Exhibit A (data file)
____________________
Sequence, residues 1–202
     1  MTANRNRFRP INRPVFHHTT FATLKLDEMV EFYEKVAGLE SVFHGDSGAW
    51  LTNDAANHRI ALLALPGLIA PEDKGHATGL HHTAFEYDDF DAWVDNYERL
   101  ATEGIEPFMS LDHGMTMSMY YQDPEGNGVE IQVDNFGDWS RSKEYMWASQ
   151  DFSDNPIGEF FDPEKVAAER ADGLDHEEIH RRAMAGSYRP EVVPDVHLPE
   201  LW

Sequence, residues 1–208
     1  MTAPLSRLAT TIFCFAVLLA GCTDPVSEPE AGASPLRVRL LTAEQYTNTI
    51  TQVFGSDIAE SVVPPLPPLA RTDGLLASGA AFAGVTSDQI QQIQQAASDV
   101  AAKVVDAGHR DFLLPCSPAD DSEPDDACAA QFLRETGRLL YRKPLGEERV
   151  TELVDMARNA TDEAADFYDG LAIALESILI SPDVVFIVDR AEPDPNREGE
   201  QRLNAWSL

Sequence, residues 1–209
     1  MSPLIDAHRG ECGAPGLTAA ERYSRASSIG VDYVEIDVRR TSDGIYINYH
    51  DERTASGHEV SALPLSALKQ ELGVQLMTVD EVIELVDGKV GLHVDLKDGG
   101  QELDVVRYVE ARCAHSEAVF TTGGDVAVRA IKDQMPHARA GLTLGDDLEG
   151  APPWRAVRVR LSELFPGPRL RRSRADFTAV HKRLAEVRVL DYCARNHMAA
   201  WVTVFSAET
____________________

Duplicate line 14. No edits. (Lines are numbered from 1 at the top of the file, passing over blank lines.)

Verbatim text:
     1  MSPLIDAHRG ECGAPGLTAA ERYSRASSIG VDYVEIDVRR TSDGIYINYH